In regard to reliance on the MTA, Chawla, a commuter from New Jersey who uses a New Jersey Transit bus to enter Manhattan, noted that the fare increase has made him reconsider whether he will still utilize the MTA’s buses or subway to travel from the Port Authority bus stop to the Lincoln Center campus.

According to Chawla, other commuters, particularly those who live within a 30-minute walk of campus, share this perspective and noted that they will only consider using the MTA as a last resort if they do not have the time to walk.

Chawla expressed a desire for Fordham to respond to the MTA fare increase with its own MetroCard program, or concessionary fares, for commuter students. This is a point he said he raised during the town hall sessions with University President Tania Tetlow, immediately following her appointment as president of the university.

The Metro Grant is only available to those who, during their time of admission, applied to Fordham as commuters from their permanent New York City residence or its surrounding areas, are U.S. citizens or permanent residents, and are enrolled full-time during their time of admission.

Aidan Ilnitzki, FCLC ’24 and a commuter to the Lincoln Center campus, expressed a similar recommendation to the university.

“To support students with this added cost, Fordham could consider providing subsidized transit passes or offering shuttle services from major transit hubs to campus,” he said.

The MTA offers student MetroCards that are distributed by the university. According to the MTA, the New York City Department of Education Office of Public Transportation works with schools directly to distribute these cards.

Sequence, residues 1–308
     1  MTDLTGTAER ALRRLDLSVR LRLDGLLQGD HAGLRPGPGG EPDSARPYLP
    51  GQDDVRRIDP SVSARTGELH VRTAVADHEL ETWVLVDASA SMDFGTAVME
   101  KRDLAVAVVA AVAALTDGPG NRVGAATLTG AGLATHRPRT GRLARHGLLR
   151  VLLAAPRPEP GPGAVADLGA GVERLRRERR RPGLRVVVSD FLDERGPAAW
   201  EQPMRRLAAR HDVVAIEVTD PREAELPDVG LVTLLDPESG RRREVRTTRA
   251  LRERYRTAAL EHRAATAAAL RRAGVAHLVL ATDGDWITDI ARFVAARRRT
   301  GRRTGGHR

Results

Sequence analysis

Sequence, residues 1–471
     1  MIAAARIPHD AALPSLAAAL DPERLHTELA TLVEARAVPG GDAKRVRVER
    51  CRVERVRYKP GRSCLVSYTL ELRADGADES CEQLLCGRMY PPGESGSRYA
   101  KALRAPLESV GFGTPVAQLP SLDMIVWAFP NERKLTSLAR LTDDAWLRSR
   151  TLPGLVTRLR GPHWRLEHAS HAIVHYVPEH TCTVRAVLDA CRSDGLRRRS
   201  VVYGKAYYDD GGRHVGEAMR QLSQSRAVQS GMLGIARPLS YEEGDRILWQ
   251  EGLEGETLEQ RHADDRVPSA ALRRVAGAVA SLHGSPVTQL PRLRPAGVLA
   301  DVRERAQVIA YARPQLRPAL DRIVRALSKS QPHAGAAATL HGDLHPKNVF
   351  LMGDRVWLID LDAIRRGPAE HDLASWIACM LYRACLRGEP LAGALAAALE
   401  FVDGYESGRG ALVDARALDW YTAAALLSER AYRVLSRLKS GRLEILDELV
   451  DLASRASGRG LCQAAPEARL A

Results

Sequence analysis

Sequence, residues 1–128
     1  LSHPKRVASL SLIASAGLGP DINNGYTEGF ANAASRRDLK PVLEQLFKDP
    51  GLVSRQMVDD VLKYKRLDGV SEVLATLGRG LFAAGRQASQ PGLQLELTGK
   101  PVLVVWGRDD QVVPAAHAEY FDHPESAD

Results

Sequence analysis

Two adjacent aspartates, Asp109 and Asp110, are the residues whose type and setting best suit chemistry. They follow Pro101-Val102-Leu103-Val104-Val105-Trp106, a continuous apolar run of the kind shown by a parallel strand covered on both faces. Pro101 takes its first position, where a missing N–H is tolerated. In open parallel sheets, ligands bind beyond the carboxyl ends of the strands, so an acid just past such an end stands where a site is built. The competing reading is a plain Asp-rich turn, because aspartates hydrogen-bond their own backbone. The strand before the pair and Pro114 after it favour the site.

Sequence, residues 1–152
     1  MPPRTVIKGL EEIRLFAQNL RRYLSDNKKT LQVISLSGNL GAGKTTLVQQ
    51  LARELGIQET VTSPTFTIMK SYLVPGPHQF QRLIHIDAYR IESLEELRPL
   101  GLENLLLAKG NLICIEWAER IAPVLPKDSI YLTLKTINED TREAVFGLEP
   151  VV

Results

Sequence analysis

Bob Howe, associate vice president for communications and special adviser to the president, said that the university is unable to respond to specific increases in the cost of living in New York City. He noted that the university’s aid budget was increased this year alongside the 6% tuition increase, with extra funds being distributed primarily to students with the most compelling financial needs.

Fordham University currently offers a $10,000 Metro Grant to students who commute from their permanent residence to its campuses. The grant is available to commuter students regardless of financial need and can be renewed for the duration of enrollment, up to four years.

Despite the grant’s stipulation, Chawla noted that the grant has shortcomings. For instance, the Metro Grant is only available to those who, during their time of admission, applied to Fordham as commuters from their permanent New York City residence or its surrounding areas, are U.S. citizens or permanent residents, and are enrolled full-time during their time of admission.

“The Metro Grant has its own specifications and limitations. Not everyone is eligible for the grant,” Chawla said. “I think increasing the accessibility of the Metro Grant would be a step in the right direction for Fordham.”

According to the MTA, the toll and fare increases are projected to generate a total revenue of $117 million. The projected incremental increases in 2025 and 2027 to the tolls and base fare are expected to be an additional 4% increase each time the price is raised.

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About the Contributors
MARYAM BESHARA, Editor-in-Chief
Maryam Beshara (she/her), FCLC ’24, is the editor-in-chief of The Observer. She is double majoring in political science and urban studies and this is her third year at The Observer, having previously worked as a news editor. In her free time, Maryam loves listening to music, her favorite artist being Lorde, and hopes the sun will show (her) the path. She is looking forward to pushing The Observer to its greatest limits and seeking new opportunities for editors to endeavor on.